Surely you’ve read by now about how Nevada’s senior Sen. Harry Reid descended to the well of the Senate and misquoted Thomas Jefferson, even managing to take the misquote out of context and attribute to Jefferson a stance he would never have taken. It was in all the papers, right? Well, no, just in the weeklies in Eureka, Hawthorne, Caliente, Elko and Ely.
My column, which is now available online at The Ely Times, seems to be the only place you can read about the Searchlight mangler’s abuse of our third president.
While arguing in support of the acronym torturing DISCLOSE Act — Democracy Is Strengthened by Casting Light on Spending in Elections — a bill that would require any group spending more than $10,000 on political ads to file a report within 24 hours and reveal the names of those who donate more than $10,000, Reid misquoted Jefferson as saying, “The end of democracy will occur when government falls into the hands of lending institutions and moneyed corporations.”
The problem is that authoritative research says the quote cannot be found in any of Jefferson’s writings and appeared nowhere until 1994, according to Monticello.org. It is apparently an amalgam of quotes and interpretations. It can be found in countless locations on the Internet, but never with any indication of when, where or to whom.
As though that weren’t bad enough, Harry manages to take the misquote out of context. The rest of the invented passage talks not about corporate speech corrupting politics but about debt: “I sincerely believe that banking institutions are more dangerous than standing armies; and that the principle of spending money to be paid by posterity is but swindling futurity [on the greatest possible scale].” I suspect such words would curdle in Harry’s mouth, since he’s done nothing to stop the foisting of current spending onto future generations.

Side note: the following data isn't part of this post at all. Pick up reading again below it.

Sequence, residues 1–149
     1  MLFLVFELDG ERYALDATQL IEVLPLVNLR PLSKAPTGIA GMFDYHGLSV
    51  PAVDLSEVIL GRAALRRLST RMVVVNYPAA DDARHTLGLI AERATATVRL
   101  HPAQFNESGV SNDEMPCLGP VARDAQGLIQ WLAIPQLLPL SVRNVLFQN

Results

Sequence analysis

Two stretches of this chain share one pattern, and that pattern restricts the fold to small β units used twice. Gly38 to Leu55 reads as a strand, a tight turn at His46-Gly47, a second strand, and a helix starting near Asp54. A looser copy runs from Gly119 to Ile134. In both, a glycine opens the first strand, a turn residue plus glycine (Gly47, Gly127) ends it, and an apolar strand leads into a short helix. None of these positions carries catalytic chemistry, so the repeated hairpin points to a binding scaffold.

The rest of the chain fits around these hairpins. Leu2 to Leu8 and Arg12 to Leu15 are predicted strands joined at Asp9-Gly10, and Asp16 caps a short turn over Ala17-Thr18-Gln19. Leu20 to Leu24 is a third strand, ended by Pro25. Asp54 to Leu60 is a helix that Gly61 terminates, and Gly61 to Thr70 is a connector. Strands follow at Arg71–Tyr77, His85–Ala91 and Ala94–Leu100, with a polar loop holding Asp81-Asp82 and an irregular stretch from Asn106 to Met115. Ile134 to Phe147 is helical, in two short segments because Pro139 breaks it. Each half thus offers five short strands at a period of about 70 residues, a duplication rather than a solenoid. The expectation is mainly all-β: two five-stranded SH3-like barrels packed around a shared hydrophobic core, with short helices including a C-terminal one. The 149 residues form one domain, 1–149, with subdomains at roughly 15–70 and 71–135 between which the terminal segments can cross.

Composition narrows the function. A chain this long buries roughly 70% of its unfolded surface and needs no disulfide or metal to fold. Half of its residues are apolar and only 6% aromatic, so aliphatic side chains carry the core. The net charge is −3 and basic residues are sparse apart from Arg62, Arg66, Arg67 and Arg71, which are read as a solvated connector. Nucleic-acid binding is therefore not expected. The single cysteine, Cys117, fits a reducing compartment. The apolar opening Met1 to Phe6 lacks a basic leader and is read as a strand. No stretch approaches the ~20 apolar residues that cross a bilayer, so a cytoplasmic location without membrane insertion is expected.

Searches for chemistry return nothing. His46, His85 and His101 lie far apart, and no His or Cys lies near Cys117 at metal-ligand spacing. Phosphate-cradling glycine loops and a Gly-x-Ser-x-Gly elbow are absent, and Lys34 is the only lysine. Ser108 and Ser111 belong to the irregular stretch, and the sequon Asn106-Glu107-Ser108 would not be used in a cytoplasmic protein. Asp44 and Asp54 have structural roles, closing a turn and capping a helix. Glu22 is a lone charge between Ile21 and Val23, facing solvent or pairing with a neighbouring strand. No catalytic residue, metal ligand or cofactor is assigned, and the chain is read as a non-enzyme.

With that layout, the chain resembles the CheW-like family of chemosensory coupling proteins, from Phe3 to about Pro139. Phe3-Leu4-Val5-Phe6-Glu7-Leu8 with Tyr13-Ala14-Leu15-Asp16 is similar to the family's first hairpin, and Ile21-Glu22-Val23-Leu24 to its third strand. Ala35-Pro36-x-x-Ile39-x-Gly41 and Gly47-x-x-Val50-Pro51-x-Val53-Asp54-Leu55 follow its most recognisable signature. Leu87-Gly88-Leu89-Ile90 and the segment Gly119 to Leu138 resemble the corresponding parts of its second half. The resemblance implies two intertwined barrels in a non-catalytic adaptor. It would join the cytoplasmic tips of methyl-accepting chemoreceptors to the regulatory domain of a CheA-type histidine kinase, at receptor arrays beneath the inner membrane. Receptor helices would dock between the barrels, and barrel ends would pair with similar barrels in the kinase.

What makes Reid’s words doubly damnable is that Jefferson would never have backed something like the DISCLOSE Act. You see, Jefferson, along with James Madison, were anonymous backers of scandalmonger Philip Freneau and his National Gazette newspaper, which savaged President Washington while Jefferson was in his cabinet. Washington referred to the newspaperman as “that rascal Freneau.”
The DISCLOSE Act would have forced Freneau to reveal his secret backers.
Here is Harry committing quoticide: